Glass of Pimms, cucumber sandwiches and perhaps some sunshine….yes it’s Wimbledon season once again and for the next two weeks (29th June to 12th July) some of the best tennis in the world will be played on those hallowed grass courts.
But what do we know about this world famous tournament and the game in general?
Read on for some fast facts and our top tips from one of the top LTA coaches, plus a look at how athletes – and you – can keep the body in ace condition.
This is the first in a series of newsletters from The Family Osteopath exploring how everyday events and activities affect our bodies and our health.
Please enjoy, and send any feedback to email@example.com.
The musculoskeletal system relies on movement and flexibility to stay healthy and tennis works almost every muscle in your body, so it’s a great way to stay fit. However, it’s also a sport that will throw any current or old injuries into sharp relief, thanks to its need for fast changes of direction and pace.
Always warm up and cooldown – a good drill would include stretches as well as light cardio to oxygenate the blood. Stay well hydrated too: pure water’s better than the traditional Barley Water and you should aim to consume at least a litre over an average three sets.
If you do injure yourself, take a break right away. Gentle stretching of the affected area can be enough to manage a light injury, but if you suspect something more serious, ice the area and seek expert advice. Naturally, it’s best to deal with any old injuries or weak areas before you take to the court.
Of course with the right stretching and some (!) recognition of their limits, most players can enjoy tennis as a lifelong sport. There’s even a story of a 93 year old player in Eastleach!
As tennis legend Arthur Ashe said: the ideal attitude is to be physically loose and mentally tight…..
“When I was 40, my doctor advised me that a man in his 40s shouldn‘t play tennis. I heeded his advice carefully and could hardly wait until I reached 50 to start again.”
HUGO L BLACK
Did you know?
250… ball boys and girls make the grade, after coming through a rigorous training routine 665… the duration in minutes of the longest match in Wimbledon history. John Isner of the US finally beat Nicolas Mahut of France after a total of 11 hours and 5 minutes on court in their first-round match in 2010. 28,000… kilograms of strawberries consumed each year, along with 7,000 litres of cream. Spectators are usually treated to Grade I Kent strawberries (no less than ten per punnet), which are picked the day before, delivered at 5:30am and inspected before being served 200,000… glasses of Pimm’s drunk during the fortnight. But the traditional drink of Wimbledon gets a run for its money from some other British beverages. Spectators knock back a total of 300,000 cups of tea and coffee and 100,000 pints of draught beer and lager.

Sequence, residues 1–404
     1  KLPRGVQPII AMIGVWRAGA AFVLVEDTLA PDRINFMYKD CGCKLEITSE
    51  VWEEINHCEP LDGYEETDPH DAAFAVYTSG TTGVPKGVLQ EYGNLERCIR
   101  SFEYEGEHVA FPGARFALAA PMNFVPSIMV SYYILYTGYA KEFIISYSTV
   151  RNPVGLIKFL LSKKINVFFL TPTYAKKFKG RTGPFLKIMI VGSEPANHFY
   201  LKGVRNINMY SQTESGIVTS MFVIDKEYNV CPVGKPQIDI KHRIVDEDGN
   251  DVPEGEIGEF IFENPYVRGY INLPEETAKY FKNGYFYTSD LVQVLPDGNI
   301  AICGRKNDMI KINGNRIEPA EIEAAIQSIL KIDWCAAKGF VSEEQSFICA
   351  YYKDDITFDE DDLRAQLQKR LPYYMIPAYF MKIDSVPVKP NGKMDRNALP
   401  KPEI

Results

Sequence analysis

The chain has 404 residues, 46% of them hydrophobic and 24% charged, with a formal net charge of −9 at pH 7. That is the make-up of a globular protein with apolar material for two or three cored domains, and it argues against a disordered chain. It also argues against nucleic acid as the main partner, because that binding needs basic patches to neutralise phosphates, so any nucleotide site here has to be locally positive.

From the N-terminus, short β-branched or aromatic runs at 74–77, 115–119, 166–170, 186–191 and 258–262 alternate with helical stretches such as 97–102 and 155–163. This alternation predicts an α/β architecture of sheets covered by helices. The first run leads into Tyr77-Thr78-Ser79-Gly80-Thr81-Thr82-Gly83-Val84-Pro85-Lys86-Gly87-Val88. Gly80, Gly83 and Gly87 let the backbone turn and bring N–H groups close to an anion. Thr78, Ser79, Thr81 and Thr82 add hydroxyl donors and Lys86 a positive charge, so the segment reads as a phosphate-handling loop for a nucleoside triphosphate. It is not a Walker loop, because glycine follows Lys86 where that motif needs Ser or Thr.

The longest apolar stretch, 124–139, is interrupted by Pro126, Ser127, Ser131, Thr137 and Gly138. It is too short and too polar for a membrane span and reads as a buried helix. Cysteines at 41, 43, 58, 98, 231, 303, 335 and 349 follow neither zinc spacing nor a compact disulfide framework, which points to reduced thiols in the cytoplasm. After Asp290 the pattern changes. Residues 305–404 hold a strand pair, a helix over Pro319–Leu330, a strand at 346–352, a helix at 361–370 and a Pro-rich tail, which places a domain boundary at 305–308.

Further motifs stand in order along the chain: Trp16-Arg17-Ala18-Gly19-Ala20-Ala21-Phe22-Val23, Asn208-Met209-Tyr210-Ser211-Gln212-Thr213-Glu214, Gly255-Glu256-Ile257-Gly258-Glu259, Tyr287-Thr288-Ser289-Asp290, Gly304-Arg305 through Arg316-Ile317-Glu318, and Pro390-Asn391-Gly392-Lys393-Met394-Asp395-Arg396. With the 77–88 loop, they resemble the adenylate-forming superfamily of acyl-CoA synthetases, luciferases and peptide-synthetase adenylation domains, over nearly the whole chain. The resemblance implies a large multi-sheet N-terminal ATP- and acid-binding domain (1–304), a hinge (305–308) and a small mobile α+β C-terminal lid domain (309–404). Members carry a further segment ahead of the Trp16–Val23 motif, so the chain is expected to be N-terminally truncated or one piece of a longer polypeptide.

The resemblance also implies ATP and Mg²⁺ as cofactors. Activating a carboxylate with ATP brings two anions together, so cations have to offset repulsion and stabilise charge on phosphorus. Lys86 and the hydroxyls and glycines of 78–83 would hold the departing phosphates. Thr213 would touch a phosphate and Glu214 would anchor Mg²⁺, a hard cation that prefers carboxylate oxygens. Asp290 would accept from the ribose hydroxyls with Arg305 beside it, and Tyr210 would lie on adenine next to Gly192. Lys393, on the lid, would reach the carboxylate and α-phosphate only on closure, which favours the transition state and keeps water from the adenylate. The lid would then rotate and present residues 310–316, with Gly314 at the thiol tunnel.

“Tennis; a racket sport in which two players compete to see who has the shortest temper, the worst memory, the poorest eyesight and the slowest watch…” ANON
On Court with Mark Thomas, LTA Coach
M: 07795 517553 T: 01793 782542
Q. Wimbledon always gets me fired up to play more tennis, how should I get started?
We’re well supported in the UK by the Lawn Tennis Association whose website provides information on places to play as well as how to find a local coach. Tennis is much more accessible than a lot of people realise and it’s not essential to join a tennis club as there are plenty of parks and community venues where one can turn up and play for free. However the benefits of joining a good club are many and varied – ranging from access to good coaches who run organised coaching sessions as well as the social side of meeting like-minded people.
Q. How can I get some coaching to improve my game?
A. There are various governing bodies within the tennis coaching world, such as, the PTR and RPT which are commonly used in Europe and America, however I can only speak from my view as a coach who has qualified and maintains a license through the Lawn Tennis Association. The LTA are rigorous in their coaching qualification process and coaches cannot progress up the qualification ladder until they pass each examination level. As a licensed LTA coach one is required to follow the Continuous Professional Development programme, ensuring knowledge is current and relevant, as well as maintaining up-to- date first aid, child safety and DBS checks. The license also ensures your coach is suitably insured.
Finding the right coach for you is not only about their qualification but also about personal rapport. A busy coaching programme across the age ranges in a local tennis club is a good indicator of the coach’s ability to interact with a variety of people. A conversation with club members can prove useful in choosing the right coach for you as reputation often spreads by word of mouth.
Q I’ve missed playing at Wimbledon this year – what’s your top tip for improvement?
At whatever level a player has reached there is always improvement to be made. Quite often this can be done by simply slowing down and being more thoughtful in the way shots are played. Taking 20% off the racket speed will increase the chance of hitting the sweet spot in the racket producing a better shot with less effort. Committing to the shot early rather than changing your mind will improve consistency and preparing early will enable contact with the ball in front of the body thereby transferring more weight onto the ball hitting a deeper shot which will prove more difficult for the opponent to play.